Yes Yes Not passed by a small majority

22nd Aug 2011 – Senate Carbon Credits (Carbon Farming Initiative) Bill 2011 — In Committee — Excluded offsets projects

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This division relates to the Policy For carbon farming.

The majority voted against amendments introduced by Independent Senator Nick Xenophon, which means that they were unsuccessful.

The amendment would have added to the list of excluded offsets projects under the bill to include projects that were:

  • "established as, or as part of, a managed investment scheme; or"
  • "determined ... to have an adverse impact on: (i) the availability of water; or (ii) land and resource access for agricultural production".(Read the entirety of the proposed amendments here.

)

The dispute surrounding these amendments is that they would require assessment on an individual basis, as opposed to the broader approach favoured by the Labor Government.(See the debate on these amendments here, after 10:22 am. )

Background to the bills

The Carbon Credits (Carbon Farming Initiative) Bill 2011 was introduced with two other bills to establish a voluntary carbon offset scheme, to be called the Carbon Farming Initiative.(The three related bills are the Carbon Credits (Carbon Farming Initiative) Bill 2011, the Carbon Credits (Consequential Amendments) Bill 2011 and the Australian National Registry of Emissions Units Bill 2011. ) Introducing this scheme was a Government election commitment. The Initiative will be "a voluntary scheme that aims to provide incentives for the agricultural and forestry sectors to minimise carbon emissions or maximise carbon sequestration by altering their forestry and agricultural practices".(Read more in the bills digest. ) The objectives of this scheme are:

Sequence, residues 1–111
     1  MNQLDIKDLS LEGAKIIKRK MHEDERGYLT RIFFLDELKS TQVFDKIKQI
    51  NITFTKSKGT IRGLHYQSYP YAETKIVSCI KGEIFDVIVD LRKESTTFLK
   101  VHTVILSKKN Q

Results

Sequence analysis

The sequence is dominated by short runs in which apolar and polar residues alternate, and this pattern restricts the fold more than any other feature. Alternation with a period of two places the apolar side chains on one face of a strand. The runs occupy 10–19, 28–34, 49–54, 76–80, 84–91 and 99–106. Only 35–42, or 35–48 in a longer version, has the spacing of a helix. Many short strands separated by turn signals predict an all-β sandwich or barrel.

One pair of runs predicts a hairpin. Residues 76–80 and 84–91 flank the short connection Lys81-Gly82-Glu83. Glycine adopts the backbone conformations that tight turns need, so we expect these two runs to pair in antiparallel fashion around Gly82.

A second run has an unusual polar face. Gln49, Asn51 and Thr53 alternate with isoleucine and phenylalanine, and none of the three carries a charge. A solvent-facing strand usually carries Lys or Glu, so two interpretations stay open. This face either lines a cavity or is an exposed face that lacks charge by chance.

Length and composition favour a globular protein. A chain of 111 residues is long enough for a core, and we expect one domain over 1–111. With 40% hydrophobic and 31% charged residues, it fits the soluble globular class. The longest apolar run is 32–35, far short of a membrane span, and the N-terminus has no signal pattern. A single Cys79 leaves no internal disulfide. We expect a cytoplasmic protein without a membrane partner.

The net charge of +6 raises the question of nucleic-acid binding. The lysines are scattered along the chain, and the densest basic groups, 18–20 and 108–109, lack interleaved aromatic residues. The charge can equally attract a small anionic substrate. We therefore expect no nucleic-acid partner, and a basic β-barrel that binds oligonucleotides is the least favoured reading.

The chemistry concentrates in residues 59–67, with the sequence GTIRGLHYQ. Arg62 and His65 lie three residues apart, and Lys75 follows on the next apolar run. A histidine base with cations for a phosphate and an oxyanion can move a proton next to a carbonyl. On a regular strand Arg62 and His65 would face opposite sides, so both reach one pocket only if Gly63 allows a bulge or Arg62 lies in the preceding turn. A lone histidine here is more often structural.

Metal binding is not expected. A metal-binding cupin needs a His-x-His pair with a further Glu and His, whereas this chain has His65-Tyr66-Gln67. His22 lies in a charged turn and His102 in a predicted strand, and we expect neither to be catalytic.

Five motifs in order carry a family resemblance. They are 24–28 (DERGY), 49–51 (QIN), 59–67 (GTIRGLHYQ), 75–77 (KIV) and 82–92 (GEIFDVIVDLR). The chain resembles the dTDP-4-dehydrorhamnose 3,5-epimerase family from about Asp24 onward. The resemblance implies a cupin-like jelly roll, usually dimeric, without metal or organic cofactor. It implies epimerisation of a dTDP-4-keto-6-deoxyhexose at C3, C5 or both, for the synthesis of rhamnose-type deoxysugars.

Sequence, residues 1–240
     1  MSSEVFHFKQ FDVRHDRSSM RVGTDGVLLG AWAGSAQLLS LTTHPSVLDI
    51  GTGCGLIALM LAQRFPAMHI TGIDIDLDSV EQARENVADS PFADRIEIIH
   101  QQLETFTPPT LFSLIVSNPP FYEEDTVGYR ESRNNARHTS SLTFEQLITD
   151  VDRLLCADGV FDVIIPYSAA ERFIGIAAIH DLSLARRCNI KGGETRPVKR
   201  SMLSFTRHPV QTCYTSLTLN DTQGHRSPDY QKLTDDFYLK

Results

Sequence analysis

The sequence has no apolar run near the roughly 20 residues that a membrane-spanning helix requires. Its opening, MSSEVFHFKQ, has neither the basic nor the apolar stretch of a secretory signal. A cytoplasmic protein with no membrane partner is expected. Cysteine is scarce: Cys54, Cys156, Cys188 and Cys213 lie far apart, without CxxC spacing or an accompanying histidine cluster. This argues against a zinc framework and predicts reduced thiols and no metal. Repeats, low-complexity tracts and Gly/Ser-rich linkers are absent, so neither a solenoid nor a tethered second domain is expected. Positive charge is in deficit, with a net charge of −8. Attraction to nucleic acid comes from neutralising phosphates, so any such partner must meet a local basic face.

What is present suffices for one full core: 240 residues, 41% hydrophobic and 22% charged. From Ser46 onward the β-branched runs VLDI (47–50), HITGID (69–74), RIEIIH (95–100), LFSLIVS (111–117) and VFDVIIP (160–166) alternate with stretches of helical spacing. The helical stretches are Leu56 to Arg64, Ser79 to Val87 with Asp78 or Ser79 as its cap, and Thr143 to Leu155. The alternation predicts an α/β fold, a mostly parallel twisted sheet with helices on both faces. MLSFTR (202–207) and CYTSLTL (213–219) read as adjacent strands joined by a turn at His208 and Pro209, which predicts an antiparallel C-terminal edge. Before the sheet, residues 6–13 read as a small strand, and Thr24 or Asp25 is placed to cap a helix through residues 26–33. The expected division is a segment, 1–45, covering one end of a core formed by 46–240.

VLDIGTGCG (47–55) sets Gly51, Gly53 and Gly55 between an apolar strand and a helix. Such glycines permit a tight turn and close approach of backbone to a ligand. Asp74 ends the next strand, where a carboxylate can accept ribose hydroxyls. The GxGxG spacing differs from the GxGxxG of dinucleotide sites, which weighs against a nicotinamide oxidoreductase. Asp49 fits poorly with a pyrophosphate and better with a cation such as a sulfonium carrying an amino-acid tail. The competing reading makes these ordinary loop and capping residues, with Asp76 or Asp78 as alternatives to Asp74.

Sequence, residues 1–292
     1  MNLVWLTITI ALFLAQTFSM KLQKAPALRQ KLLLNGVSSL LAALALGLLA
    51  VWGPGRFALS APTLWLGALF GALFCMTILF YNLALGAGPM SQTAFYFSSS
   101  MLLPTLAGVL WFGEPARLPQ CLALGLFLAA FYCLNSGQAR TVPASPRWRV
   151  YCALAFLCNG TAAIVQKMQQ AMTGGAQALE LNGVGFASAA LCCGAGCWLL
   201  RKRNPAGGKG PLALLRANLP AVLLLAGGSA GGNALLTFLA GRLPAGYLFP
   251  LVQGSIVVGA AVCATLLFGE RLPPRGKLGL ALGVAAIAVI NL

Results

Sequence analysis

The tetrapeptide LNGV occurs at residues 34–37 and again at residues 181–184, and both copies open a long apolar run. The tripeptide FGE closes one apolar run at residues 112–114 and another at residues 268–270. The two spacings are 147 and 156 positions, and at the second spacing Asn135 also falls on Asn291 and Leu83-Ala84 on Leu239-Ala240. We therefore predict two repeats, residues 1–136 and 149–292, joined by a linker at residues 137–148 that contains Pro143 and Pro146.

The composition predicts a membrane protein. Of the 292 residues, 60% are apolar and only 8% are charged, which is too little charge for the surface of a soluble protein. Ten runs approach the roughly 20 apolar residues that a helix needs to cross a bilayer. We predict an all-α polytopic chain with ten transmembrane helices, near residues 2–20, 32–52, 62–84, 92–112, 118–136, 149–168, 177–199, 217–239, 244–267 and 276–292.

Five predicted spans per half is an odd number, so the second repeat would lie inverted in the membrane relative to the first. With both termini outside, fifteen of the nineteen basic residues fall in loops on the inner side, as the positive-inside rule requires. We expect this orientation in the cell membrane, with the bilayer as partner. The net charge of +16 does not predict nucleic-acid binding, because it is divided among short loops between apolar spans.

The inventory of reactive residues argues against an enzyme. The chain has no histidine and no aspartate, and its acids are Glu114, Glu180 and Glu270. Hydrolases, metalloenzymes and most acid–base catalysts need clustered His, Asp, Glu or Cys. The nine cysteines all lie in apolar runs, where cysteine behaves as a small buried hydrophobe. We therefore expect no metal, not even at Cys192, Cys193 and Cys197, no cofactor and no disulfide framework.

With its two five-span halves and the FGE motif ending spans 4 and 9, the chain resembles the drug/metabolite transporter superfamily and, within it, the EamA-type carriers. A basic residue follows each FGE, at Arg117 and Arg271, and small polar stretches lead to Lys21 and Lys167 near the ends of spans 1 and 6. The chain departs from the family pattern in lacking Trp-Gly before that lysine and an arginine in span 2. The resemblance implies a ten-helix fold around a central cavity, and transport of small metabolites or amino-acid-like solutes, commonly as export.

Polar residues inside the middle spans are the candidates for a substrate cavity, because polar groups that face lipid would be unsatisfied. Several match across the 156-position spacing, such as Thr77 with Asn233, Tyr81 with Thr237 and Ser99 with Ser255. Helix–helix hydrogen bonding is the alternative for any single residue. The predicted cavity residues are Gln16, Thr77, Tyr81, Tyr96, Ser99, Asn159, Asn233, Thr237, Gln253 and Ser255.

Yes Yes Not passed by a small majority

22nd Jun 2010, 4:30 PM – Senate Motions - Water Supply for Adelaide

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The majority voted against a motion introduced by Greens Senator Sarah Hanson-Young. This means that the motion was rejected.

The motion was:

That the Senate—

(a) notes that:

(i) there is significant opportunity for investment in stormwater harvesting and water efficiency, yet Adelaide remains reliant on the Murray River for its water supply, and()

(ii) the Minister for Climate Change, Energy Efficiency and Water ( Senator Wong) has demanded an environmental dividend to reduce Adelaide’s reliance on the Murray River, in exchange for Federal Government funding for a range of urban water projects; and

(b) calls on the Federal Government to work with the South Australian Government to wean Adelaide off the Murray River for the long-term sustainability of the river system.

References

  • To learn more about the extent that Adelaide relies on the Murray River for its water supplies, see here.
absent Yes Not passed by a large majority

How "voted moderately for" is worked out

The MP's votes count towards a weighted average where the most important votes get 50 points, less important votes get 10 points, and less important votes for which the MP was absent get 2 points. In important votes the MP gets awarded the full 50 points for voting the same as the policy, 0 points for voting against the policy, and 25 points for not voting. In less important votes, the MP gets 10 points for voting with the policy, 0 points for voting against, and 1 (out of 2) if absent.

Then, the number gets converted to a simple english language phrase based on the range of values it's within.

No of votes Points Out of
Most important votes (50 points)      
MP voted with policy 0 0 0
MP voted against policy 0 0 0
MP absent 0 0 0
Less important votes (10 points)      
MP voted with policy 2 20 20
MP voted against policy 1 0 10
Less important absentees (2 points)      
MP absent* 2 2 4
Total: 22 34

*Pressure of other work means MPs or Senators are not always available to vote – it does not always indicate they have abstained. Therefore, being absent on a less important vote makes a disproportionatly small difference.

Agreement score = MP's points / total points = 22 / 34 = 65%.

And then